It may have sounded romantic (and rebellious, per the 1960s) once, but it's a new millennium and, true to the predictions of many boosters of freight intermodalism, the game has changed, really changed.
Checking the website of my alma mater, CNNMoney, late last month, I came across reporter Aaron Smith's "Tons of trucking jobs ... that nobody wants." That's certainly noteworthy and newsworthy as the U.S. struggles to establish any substantial economic upward momentum, right? Smith noted, 'There are as many as 200,000 job openings nationwide for long haul truckers, according to David Heller, director of safety and policy for the Truckload Carriers Association. Truck driver demand is also set to increase, Smith added, before quoting Heller again, the association rep saying, "Nobody wants to drive a truck."
Well, make that long-distance truck, six-day truck trips, and Heller's quote might ring true. Make that job an intermodal one, however, and we're talking about one local roundtrip (maybe two on a good day) with infinitely better chances of getting home that night, most nights. Leave the long distance itself ... to the railroads.
As the Association of American Railroads (AAR) and Intermodal Association of North America (IANA) have steadily reported throughout this year, that seems to be happening more and more, with domestic intermodal moves (rail-to-truck) showing strength once more likely seen in international (ship-to-rail, ship-to-truck) moves. Committed longstanding intermodal players, such as J.B. Hunt, Schneider International, and UPS, are being joined by the likes of Federal Express and (possibly) the U.S. Postal Service.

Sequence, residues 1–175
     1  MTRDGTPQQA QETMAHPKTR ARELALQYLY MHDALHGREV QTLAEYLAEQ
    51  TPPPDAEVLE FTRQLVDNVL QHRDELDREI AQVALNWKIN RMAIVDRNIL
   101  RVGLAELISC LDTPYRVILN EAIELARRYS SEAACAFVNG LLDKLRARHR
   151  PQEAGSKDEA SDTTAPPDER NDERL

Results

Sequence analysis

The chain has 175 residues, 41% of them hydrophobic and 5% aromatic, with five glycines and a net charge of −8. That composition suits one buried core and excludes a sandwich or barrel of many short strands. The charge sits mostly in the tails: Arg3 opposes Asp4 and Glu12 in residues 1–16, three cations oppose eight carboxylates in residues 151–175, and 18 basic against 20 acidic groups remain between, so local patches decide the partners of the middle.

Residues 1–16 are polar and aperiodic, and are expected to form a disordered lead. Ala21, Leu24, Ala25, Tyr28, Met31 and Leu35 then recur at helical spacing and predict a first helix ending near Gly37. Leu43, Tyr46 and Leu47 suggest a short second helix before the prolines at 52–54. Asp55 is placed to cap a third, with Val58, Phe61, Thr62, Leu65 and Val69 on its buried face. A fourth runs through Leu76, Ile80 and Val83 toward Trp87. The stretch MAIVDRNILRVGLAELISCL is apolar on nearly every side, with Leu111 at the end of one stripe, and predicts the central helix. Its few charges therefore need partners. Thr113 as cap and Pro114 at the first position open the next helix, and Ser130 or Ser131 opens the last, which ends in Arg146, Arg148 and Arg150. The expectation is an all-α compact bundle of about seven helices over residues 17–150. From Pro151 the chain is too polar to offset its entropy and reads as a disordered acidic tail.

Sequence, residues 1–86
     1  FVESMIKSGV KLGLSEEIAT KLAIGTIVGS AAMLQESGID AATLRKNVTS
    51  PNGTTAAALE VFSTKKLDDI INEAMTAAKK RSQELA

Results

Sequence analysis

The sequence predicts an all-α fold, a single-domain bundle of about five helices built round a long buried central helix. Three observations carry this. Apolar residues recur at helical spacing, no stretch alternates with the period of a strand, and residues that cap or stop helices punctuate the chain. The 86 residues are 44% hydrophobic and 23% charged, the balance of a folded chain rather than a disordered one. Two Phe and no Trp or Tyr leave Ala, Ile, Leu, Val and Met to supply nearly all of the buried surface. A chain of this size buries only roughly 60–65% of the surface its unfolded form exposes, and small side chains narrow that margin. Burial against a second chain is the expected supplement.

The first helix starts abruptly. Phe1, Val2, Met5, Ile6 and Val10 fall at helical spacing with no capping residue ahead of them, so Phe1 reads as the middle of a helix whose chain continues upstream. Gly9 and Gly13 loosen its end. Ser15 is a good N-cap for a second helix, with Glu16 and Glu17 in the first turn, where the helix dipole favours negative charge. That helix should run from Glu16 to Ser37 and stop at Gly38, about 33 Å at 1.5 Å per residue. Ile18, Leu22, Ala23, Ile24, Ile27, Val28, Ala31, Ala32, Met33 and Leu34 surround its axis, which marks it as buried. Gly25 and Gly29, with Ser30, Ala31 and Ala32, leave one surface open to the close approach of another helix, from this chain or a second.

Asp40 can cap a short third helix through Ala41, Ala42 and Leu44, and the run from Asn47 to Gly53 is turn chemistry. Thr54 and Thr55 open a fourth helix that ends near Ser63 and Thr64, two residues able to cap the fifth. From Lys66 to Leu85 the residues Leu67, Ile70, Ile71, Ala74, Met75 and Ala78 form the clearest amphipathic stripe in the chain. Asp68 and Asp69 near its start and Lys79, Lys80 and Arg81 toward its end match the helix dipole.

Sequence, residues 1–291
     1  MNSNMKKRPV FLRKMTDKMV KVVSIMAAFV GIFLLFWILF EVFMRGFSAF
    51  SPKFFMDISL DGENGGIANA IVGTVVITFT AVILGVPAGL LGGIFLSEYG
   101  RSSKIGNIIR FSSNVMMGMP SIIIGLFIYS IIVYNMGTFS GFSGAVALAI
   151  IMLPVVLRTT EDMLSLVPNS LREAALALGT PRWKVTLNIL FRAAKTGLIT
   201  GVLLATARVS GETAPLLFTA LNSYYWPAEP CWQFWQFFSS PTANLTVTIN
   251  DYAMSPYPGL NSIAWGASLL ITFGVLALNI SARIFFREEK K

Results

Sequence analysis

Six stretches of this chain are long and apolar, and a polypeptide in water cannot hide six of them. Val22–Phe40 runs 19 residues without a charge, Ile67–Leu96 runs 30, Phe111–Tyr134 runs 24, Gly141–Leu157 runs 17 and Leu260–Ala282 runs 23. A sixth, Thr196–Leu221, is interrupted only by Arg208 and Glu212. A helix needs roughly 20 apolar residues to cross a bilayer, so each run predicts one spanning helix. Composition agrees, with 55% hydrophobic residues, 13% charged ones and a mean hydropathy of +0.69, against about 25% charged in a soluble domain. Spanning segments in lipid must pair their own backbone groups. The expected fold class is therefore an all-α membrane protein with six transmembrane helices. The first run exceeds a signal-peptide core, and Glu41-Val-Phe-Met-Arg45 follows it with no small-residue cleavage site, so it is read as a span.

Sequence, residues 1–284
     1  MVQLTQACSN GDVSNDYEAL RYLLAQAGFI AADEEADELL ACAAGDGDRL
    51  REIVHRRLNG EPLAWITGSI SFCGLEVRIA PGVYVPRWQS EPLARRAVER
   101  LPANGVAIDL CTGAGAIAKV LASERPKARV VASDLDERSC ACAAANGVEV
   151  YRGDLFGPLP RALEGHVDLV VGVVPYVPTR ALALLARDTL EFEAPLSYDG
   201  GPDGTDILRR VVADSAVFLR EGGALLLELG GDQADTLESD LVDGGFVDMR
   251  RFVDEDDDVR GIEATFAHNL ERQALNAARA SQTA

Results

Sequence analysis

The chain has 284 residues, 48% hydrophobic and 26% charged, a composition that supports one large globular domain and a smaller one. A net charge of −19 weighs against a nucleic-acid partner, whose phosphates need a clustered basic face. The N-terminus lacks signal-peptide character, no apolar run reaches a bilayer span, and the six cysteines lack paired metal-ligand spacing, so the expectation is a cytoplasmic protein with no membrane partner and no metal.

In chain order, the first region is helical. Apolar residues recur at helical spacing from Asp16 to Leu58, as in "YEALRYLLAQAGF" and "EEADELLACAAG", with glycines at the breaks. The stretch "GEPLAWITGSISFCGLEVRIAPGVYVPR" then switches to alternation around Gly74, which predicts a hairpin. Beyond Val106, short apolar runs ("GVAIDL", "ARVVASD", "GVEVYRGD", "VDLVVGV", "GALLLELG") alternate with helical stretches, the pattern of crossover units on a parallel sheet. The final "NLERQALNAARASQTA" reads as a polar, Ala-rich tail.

No surprise, then, but still a significant indicator, that on my recent auto jaunt on one of the nation's Interstate highways I happened to spy a J.B. Hunt billboard advertising—make that virtually trumpeting—"good jobs" available now. That's good for those struggling to find work, of course good for J.B. Hunt itself, and good news for J.B. Hunt's railroad partners and the railroad industry.
It's also good news for me, not just because I'm a railroad blogger but also because I prefer my fellow road travelers employing safe driving practices, the kind that "little white pills" can't reliably provide. Rail-to-truck intermodalism offers an economical, environmental, and "family-values" domestic alternative that makes "Six Days on the Road" a potential anachronism, save for two of the final lines: "My hometown's coming in sight; if you think I'm happy, you're right." Cue the fiddle.